Nazism may have been unique in many respects, but it was not some freakish historical aberration. It was an extreme expression of German nationalism and European anti-Semitism, whose genocidal projects drew on precedents that were already well-established in the course of European colonialism and imperial conquest, and which allied itself to a wider ideological constellation of political forces with very similar views that extended across the continent.
Today the descendants of these forces are stronger politically than at any time since World War II. The ‘respectable’ far-right tends to talk about culture or ‘immigration’ – specifically Muslim immigration – rather than race, biology or pseudo-mystical references to ‘pure’ or ‘defiled’ blood as the basis of national identity or superiority.
Some present themselves as defenders of liberal tolerance or culture against the Muslim Other or the corrosive impact of ‘multiculturalism’. Others depict specific ethnic groups such as the Roma as a cause of crime and insecurity. Even in Poland, a country that was once decimated by genocide and Nazi violence, neo-Nazis and ultra-nationalists now talk of ‘Poland for the Poles’ and scrawl anti-Semitic slogans in Jewish graveyards, despite the fact that Poles make up more than 90 percent of the population and there are few Jews left.
In Hungary the ultra-nationalist Fidesz party dreams of a ‘greater Hungary’ which unites all the ethnic Hungarian communities left in neighbouring countries after the post-World War I Treaty of Trianon. In Greece the Golden Dawn party – a party who membership is limited to ‘ only Aryans in blood and Greeks in descent’ - has carried out a number of pogroms in downtown Athens in an attempt to drive out Third World immigrants depicted as threat to Greek national identity and ‘civilisation.’
Many of these groups also look to the past for inspiration in ways that are no less fantastic or delusional than the ideas of the Ahnenerbe. In Malta last year, I listened to Norman Lowell, the founder of the racist Imperium Europa party, describe his aspiration to build an ‘organic’ racial empire of ‘Europids’ who would be restored to their purified natural state through the starvation or expulsion of racially inferior or incompatible peoples.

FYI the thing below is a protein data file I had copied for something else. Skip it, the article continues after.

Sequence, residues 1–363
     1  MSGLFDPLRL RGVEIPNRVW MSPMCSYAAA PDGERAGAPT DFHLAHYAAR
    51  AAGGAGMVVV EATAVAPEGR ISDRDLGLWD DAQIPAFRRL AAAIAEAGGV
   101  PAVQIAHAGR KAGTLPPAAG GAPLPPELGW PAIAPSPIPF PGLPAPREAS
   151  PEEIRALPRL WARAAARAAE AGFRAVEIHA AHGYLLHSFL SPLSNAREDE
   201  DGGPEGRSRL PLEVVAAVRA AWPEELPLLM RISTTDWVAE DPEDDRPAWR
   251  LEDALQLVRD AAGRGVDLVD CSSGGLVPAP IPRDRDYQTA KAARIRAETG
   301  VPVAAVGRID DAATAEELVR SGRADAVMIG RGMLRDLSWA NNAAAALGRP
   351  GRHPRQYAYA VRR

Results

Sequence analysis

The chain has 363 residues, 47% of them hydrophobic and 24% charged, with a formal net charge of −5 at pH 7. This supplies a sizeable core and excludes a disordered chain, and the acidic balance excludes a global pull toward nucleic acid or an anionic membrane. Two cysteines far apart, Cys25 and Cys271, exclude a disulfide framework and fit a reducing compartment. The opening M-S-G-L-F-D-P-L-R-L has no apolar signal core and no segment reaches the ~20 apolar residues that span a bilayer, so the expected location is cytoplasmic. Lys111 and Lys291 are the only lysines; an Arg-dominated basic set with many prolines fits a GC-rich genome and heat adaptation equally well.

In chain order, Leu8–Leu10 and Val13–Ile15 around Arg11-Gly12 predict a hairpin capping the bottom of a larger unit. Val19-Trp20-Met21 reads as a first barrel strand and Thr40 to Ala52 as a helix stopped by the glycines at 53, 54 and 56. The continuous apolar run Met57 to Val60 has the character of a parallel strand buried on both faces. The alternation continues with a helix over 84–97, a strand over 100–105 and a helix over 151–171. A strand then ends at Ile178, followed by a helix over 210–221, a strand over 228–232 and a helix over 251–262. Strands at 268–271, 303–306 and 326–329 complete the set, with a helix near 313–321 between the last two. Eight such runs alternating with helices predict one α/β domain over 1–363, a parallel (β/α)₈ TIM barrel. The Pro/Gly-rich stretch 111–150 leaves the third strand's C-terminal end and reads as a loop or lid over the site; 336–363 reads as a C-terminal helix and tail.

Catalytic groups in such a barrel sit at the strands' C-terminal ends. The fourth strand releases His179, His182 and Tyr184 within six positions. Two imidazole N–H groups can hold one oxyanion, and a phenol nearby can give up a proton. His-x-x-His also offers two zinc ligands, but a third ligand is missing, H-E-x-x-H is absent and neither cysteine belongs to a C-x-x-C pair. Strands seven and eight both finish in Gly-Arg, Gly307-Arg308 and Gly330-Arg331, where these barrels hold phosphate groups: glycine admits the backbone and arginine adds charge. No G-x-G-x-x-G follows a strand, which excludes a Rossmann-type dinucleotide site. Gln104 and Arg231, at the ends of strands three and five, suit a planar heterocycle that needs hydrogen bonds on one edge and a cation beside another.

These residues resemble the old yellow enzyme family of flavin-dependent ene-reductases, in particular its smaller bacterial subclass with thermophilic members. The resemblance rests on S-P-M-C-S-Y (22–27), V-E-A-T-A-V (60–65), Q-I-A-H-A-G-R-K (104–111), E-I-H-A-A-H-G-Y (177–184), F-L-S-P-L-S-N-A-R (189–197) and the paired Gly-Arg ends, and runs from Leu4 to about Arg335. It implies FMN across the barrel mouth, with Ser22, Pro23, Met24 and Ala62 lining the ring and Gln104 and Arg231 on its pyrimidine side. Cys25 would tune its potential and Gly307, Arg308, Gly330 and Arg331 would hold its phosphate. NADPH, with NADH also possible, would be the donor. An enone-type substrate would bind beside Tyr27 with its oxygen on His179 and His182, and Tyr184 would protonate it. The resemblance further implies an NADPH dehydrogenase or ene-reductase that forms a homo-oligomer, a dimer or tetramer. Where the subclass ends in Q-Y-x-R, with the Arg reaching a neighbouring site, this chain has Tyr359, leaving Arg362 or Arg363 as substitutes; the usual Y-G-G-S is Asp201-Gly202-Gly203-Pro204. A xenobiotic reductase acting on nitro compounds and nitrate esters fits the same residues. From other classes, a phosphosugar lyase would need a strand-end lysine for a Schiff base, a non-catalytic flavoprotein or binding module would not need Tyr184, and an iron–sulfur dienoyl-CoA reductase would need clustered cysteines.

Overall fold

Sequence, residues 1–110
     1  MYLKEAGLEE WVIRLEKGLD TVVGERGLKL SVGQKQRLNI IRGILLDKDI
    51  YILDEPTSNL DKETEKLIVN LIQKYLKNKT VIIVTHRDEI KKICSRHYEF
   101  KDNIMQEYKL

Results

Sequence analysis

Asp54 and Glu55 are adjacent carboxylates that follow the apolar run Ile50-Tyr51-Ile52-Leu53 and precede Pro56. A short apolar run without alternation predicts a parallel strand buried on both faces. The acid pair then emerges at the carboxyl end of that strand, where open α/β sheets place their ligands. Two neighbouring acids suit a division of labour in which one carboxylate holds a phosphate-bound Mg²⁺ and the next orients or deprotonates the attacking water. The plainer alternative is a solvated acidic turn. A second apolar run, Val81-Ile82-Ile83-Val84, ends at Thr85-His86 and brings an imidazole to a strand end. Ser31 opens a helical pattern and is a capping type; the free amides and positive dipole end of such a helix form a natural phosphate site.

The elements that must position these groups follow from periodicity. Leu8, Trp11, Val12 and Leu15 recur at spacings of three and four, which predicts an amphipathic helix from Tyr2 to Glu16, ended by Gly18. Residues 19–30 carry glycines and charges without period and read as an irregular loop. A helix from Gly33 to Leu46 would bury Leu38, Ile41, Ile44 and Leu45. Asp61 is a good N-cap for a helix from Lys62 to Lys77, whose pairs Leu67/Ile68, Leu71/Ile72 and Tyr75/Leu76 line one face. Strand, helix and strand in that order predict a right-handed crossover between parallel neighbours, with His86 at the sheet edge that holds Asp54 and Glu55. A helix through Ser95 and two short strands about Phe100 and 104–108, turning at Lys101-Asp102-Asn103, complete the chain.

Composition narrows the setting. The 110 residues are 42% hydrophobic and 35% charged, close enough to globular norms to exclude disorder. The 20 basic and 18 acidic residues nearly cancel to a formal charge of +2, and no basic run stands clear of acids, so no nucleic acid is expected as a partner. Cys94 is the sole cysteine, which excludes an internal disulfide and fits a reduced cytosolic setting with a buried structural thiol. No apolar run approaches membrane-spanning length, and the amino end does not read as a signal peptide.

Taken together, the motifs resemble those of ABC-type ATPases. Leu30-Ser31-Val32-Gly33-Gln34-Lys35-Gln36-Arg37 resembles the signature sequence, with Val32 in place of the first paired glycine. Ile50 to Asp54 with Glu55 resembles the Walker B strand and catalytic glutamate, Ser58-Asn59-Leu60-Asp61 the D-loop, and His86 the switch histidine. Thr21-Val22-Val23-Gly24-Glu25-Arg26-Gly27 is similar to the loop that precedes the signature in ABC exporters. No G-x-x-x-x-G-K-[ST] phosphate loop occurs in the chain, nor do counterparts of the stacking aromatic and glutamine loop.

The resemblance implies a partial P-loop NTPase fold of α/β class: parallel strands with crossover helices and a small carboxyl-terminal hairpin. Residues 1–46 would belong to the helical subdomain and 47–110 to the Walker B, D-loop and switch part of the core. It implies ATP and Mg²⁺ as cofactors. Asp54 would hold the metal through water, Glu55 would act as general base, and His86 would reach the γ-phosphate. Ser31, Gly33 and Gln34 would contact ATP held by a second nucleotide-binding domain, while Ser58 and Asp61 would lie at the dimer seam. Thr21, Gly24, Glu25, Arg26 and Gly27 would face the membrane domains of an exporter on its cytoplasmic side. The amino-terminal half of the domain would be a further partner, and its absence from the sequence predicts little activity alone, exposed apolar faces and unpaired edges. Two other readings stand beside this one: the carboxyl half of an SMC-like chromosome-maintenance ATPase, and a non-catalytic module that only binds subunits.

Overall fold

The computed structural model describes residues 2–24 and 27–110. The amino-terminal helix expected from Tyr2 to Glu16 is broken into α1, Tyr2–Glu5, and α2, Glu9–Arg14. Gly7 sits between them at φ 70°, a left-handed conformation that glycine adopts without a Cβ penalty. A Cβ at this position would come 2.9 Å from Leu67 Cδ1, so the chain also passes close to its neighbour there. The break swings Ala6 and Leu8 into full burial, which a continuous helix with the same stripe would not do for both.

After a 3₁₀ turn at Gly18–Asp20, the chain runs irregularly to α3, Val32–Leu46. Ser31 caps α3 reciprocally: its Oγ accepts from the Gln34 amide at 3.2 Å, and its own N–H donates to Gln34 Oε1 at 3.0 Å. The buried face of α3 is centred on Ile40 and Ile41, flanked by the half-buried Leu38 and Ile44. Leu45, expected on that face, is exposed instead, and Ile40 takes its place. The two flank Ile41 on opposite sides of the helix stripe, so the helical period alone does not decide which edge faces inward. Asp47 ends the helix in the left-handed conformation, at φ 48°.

In two months time Anders Breivik will be tried for last year’s murder spree – a spree that was partly inspired by the same anti-modern romanticism of Himmler, with its idealised evocation of the Knights Templar as the defenders of Europe’s cultural ‘purity’. Long before his homicidal onslaught on ‘cultural Marxism’, Breivik attempted to provide intellectual justification for it, in his Internet manifesto and accompanying video.
The Internet overflows with videos of the type that Breivik produced to justify his actions, in which images of Charlemagne, the Knights Templar, cathedrals, churches are accompanied by classical music as a romantic counterpoint to the Muslim barbarians who threaten them.
Today the ‘invention of ‘tradition’ which Breivik and his fellow-travellers are engaged in no longer speaks of national communities linked by ‘blood’, as the Nazis did, and many of them insist that they are ‘not racist’. But their ultimate objectives are always the same: to fuel the hatred and exclusion of a particular ‘out-group’ in order to unite an imagined ‘in group’ whose purity and integrity is supposedly under threat.
In order to do this, such groups will make use of whatever ideas and theories are available, and in periods of social crisis their spores can germinate and gain ground, so that even the most horrific acts can seem justified and legitimate.
Pringle’s brilliant book is a terrifying reminder of how the Nazis attempted to rationalise and justify forms of exclusion and domination that culminated in war and genocide, and the motley collection of intellectuals who lent their expertise to this dark agenda.
And the blue-eyed, baby-faced killer Anders Breivik is a reminder that these forces are still with us today, even if they come in a different guise